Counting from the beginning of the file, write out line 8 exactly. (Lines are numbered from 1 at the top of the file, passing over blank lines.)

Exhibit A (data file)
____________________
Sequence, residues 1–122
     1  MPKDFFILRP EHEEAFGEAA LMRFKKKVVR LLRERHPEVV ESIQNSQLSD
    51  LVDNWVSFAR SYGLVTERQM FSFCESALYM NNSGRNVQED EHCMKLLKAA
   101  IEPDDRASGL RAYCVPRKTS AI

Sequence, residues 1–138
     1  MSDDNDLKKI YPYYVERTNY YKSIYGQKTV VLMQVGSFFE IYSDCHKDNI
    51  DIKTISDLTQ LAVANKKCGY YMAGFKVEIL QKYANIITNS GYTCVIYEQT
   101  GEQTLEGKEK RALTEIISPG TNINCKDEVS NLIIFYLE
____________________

   101  GEQTLEGKEK RALTEIISPG TNINCKDEVS NLIIFYLE